Sri Lanka, together with like-minded states such as India, Indonesia, Egypt, and also China, was part of a global movement that tried to set up a just international order.  The newly independent nations were so united that they helped one another in achieving social and economic progress. They displayed determination and dedication, honesty and hard work, to create a world free of colonialism in all its forms. They were so firm in their resolve that they called for the redrafting of the UN Charter and international treaties, pointing out that they were not parties to these agreements when they were adopted.  


At the deliberations for a new treaty on the Law of the Sea and talks at the United Nations Conference on Trade and Development (UNCTAD), the newly independent states had their say and sometimes, their way. For instance, when the Law of the Sea Convention was being deliberated, the United States held the view that any nation should be able to exploit the resources of the international seabed. Sensing that such a proposal would give an unfair advantage to technologically advanced nations, the newly independent nations proposed the setting up of the International Seabed Authority, which will be the custodian of the international seabed and its resources for the benefit of all nations. Sri Lanka led by Shirley Amerasinghe, one of its all-time best diplomats, played a pivotal role in the drafting of the Convention, which has been ratified by all maritime states with the solitary exception of the United States.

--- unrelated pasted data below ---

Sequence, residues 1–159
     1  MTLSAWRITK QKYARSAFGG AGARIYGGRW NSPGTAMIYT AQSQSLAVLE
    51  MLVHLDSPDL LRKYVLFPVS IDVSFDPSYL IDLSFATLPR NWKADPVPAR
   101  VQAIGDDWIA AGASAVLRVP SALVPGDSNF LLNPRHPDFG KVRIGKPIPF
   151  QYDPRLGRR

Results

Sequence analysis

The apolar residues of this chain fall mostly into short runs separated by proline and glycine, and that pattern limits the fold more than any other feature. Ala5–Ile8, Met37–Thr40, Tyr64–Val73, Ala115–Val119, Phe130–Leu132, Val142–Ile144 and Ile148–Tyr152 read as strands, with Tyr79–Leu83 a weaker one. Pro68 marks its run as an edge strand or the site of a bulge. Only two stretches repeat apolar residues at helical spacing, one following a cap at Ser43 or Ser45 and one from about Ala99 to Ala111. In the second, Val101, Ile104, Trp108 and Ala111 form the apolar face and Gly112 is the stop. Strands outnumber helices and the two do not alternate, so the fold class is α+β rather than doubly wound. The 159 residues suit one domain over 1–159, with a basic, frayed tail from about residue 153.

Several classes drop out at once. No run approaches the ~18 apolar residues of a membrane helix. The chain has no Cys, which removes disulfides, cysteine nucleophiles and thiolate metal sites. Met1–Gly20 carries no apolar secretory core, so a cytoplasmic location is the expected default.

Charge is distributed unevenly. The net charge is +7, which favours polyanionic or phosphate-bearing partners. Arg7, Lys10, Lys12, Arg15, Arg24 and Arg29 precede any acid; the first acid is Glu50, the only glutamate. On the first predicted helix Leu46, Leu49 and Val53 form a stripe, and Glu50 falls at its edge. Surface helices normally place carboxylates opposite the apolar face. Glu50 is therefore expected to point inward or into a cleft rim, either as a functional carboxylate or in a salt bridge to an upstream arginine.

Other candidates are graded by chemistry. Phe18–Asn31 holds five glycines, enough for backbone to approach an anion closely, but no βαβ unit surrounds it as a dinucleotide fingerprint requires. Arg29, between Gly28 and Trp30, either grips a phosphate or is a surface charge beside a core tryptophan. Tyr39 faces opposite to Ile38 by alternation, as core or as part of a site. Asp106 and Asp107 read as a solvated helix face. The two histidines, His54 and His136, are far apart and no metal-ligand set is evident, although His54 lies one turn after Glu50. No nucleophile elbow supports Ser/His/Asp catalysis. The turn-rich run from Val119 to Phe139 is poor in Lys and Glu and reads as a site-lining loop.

At UNCTAD talks, Sri Lanka led by its world renowned economist Gamani Corea, who went on to become the Secretary General of the UNCTAD, succeeded in establishing global mechanisms to ensure fair prices in the world market for the commodities of the newly independent states, though such safeguards were eventually to disappear in view of trade liberalization efforts in accordance with the provisions of the General Agreement on Trade and Tariff (GATT) first and later the World Trade Organisation. 

But seventy years on, freedom from servility from an economic point of view still remains elusive


Moreover, little Sri Lanka played a peacemaker role in the conflict in Congo, the Suez war, the Soviet invasions of Hungary and Czechoslovakia and the Sino-India war.


All this was long before the spirit of our independence lost its sheen.


Coinciding with the hyper activism of the newly independent states, was the development of a body of economics theories that condemned the skewed world order which allowed developed nations – or the old colonial states -- to continuously exploit the new sates.